• learning organization: A company that facilitates the learning of its members and continuously transforms itself.
  • single-loop learning: A theory that says individuals, groups, or organizations modify their actions according to the difference between expected and obtained outcomes.

Chris Argyris is an American business theorist, a professor emeritus at Harvard Business School, and a thought leader at Monitor Group. He is best known for his work on learning theories in the area of learning organizations.

Argyris conducted a series of research studies in action science, which studies how humans design and decide on their actions under difficult or stressful situations. Argyris believed that human actions are controlled by environmental variables, which determine the key differences between single-loop and double-loop learning.

Single-Loop Learning

In single-loop learning, entities (such as individuals, groups, or organizations) modify their actions according to the difference between expected and obtained outcomes. This essentially means that learning is through experience and direct reflection on outcomes, where the ends are justifying the means and dictating the fulcrum of the discussion and learning outcomes.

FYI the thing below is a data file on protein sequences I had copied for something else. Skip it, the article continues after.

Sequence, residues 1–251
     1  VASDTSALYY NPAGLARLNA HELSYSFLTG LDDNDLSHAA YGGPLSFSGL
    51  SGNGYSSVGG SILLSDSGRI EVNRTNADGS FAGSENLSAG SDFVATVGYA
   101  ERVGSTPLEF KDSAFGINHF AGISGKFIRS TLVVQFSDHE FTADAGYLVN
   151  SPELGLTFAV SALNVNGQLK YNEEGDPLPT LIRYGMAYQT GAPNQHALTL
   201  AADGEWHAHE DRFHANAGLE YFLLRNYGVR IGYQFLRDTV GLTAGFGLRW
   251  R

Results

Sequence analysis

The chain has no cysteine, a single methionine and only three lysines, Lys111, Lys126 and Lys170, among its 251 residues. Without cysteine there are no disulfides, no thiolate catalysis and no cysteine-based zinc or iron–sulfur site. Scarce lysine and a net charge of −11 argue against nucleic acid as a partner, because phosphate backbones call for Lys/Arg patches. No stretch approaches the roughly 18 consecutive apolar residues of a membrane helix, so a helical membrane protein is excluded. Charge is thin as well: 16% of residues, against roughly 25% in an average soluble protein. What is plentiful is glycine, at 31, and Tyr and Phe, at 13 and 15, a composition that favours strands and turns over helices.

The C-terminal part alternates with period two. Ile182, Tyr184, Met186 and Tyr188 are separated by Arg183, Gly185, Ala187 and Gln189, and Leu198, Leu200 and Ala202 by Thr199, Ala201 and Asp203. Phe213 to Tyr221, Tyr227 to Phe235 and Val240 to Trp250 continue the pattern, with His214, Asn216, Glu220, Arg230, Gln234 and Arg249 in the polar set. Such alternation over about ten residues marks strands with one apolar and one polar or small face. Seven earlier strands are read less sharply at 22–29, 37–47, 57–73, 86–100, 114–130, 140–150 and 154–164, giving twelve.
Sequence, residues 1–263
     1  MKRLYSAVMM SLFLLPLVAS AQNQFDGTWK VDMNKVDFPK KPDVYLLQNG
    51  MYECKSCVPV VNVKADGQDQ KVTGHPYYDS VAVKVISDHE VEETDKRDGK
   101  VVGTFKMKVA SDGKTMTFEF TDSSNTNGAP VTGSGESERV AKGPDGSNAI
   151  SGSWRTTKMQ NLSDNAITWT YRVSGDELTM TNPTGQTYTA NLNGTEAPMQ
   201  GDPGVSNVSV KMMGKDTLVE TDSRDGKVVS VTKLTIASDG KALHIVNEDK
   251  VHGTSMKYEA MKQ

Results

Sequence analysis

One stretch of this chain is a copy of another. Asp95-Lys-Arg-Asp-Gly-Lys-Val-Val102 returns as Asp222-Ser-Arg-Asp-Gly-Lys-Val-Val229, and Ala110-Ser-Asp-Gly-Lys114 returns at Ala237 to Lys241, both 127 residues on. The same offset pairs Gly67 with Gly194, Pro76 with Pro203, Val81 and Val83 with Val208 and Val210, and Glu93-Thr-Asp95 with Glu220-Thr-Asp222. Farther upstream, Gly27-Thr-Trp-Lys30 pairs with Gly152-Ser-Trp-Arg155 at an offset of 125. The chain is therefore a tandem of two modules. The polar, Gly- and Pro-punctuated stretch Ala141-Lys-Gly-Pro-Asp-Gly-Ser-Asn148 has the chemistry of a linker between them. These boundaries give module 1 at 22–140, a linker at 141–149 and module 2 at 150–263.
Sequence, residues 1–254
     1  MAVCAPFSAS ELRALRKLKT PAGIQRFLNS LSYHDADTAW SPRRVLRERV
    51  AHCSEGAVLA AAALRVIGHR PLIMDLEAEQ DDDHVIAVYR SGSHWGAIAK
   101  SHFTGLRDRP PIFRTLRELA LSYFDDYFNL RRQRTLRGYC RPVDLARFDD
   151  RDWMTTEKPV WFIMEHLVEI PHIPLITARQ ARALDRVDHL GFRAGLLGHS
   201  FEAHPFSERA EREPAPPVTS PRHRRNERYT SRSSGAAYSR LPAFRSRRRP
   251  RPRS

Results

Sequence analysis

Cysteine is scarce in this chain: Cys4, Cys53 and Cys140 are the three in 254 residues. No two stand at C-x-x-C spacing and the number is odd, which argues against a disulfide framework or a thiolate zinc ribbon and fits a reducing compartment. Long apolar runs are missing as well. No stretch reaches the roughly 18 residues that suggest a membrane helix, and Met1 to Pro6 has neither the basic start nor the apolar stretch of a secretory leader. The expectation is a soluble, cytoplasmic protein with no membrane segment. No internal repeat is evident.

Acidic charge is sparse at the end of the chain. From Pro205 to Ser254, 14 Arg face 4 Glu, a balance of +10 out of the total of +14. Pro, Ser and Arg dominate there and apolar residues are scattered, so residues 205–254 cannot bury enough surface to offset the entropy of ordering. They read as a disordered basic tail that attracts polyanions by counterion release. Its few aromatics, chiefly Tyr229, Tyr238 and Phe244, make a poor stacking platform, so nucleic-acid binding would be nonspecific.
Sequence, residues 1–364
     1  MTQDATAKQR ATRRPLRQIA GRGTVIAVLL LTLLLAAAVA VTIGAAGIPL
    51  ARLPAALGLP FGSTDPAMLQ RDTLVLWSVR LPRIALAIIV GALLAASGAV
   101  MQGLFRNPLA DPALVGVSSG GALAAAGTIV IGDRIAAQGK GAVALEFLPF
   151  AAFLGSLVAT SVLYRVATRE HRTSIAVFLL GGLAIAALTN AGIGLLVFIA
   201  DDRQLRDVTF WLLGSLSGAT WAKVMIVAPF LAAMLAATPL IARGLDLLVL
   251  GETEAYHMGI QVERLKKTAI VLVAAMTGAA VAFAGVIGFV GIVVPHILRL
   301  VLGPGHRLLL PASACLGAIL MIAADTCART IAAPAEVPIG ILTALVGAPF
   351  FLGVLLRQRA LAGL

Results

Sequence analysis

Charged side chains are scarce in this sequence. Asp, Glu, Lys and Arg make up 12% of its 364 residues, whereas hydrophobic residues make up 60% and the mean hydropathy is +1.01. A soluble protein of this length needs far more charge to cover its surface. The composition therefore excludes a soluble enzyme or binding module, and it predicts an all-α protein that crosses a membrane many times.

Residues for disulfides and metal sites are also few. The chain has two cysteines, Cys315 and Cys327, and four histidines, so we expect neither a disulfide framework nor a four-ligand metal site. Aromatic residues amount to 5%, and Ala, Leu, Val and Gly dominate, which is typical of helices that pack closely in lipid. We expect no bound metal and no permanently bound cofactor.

In many ways, this is a more reactionary approach. Individuals are tasked with identifying successes and failures, pursuing formulas for the former and minimizing the latter. While this type of learning, and this broader type of behavior, is extremely common in the real world, it is not the ideal method to learn and adapt from a broader organizational level. It tends to be simple and short-term, which is not always conducive to sustainability.

Double-Loop Learning